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How to Become a Photographer
Turn your passion into a job and make money with photography
People find themselves wondering how to become a photographer at lots of different ages and levels of experience. Perhaps you're at school and have just discovered how fun taking photos is! Perhaps you've graduated from college and have no idea what's next. Perhaps you're coming out of a career break, or have finally decided to do something creative, or just need a change...!
Sometimes people discover how to sell photos in their spare time and gradually wake up to the fact that they have a business on their hands!
But whatever your background, photography is definitely the kind of career that can accommodate a range of people of all ages, with diverse interests, lifestyles and priorities.
The one thing all photographers must have in common is the love of taking pictures! So if you are excited by the thought of making money with photography and turning your creative passion into a career, let's take a look at how to become a photographer...
Are all photographers self-employed?
No. But the vast majority of photographers I know do run their own business.
Generally it's photojournalists and photographers working for advertising agencies (product photography etc.) who are employed. But even they rarely do a conventional '9-5' day's work. It's chasing business or chasing news!
What does working for yourself / freelancing actually involve? Basically just building your business around the niche that you are most interested in. There are lots of options available and most freelance photographers diversify their income streams.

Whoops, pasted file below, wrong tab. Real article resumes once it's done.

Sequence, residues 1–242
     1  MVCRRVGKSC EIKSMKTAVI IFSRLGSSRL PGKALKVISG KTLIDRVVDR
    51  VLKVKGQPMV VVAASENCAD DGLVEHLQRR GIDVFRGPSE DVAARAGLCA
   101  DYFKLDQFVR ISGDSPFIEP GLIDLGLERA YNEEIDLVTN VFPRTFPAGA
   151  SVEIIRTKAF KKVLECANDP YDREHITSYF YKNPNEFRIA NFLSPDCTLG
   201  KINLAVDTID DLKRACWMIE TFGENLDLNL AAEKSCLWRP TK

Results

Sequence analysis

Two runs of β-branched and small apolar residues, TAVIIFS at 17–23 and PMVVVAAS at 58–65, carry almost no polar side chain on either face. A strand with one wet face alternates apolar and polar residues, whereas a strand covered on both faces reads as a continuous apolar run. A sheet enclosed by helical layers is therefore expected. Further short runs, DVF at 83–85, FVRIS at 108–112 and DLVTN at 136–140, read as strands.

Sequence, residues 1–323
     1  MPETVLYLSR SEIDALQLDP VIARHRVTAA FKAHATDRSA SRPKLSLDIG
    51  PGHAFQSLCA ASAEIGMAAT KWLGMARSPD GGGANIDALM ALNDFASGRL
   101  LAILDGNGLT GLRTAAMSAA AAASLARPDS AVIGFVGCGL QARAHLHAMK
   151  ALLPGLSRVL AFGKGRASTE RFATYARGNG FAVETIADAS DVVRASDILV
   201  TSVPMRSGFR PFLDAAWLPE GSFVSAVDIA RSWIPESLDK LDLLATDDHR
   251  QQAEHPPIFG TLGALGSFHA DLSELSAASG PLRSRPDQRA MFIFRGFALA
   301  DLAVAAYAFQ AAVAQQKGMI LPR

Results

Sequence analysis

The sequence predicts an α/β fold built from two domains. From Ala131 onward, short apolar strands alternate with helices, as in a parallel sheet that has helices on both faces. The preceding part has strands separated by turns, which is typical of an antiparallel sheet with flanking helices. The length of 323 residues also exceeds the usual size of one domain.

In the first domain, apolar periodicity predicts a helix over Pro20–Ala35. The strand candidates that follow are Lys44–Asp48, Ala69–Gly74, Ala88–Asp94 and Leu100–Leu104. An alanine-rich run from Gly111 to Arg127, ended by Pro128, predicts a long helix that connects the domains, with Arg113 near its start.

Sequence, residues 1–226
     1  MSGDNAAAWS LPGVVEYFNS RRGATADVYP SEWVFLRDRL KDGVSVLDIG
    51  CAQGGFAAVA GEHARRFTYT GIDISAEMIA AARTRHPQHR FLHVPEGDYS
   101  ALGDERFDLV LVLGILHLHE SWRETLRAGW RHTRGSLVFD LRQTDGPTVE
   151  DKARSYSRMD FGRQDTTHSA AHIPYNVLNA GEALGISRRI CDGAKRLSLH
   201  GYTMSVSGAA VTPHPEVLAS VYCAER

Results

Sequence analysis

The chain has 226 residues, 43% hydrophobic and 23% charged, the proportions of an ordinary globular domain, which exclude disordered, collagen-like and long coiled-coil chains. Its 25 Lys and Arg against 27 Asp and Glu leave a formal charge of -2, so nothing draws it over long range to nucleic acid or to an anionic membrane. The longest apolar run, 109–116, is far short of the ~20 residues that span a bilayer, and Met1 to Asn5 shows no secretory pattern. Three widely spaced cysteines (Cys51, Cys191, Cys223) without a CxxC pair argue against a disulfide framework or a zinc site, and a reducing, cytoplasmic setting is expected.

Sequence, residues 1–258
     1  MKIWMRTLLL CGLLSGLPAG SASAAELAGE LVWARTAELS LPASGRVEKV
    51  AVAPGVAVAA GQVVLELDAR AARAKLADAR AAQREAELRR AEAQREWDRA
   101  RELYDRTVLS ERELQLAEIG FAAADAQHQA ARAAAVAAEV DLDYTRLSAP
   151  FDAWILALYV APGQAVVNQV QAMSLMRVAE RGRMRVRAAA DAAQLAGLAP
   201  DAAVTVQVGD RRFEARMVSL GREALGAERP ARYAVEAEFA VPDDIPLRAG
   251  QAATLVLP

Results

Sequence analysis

What are the main areas of photography I can work in?
Whilst you can carve your own unique niche, the following are the major areas to be aware of if you are thinking about becoming a photographer:
- Photojournalism - Photojournalists usually require a degree to land a job with a good paper, magazine or news agency. From cats up trees in local papers to war reporting for international news agencies, there are lots of options open to photojournalists.
- Portrait photography - Open your own studio and photograph anyone who needs a high quality picture. Families, couples, models, business people, actors, politicians, celebrities - there are lots of potential clients.
- Fine Art Photography - Sell fine art prints of your work from a range of outlets. Sell them locally and from a website. Most photographers sell prints, whether as their main income stream or as a supplementary one.
- Commercial / Advertizing - Work for businesses and advertising agencies to help them promote products and services.
- Wedding / Event - One of the first things that comes to mind when wondering how to become a photographer is weddings! Frankly, all you have to do is flash a DSLR in public for a few seconds and someone will come screaming 'Can you do my wedding!!!?' There's certainly demand for it, and if you like working with people it's a good option. Birthdays, corporate events and so on fit into the same general category.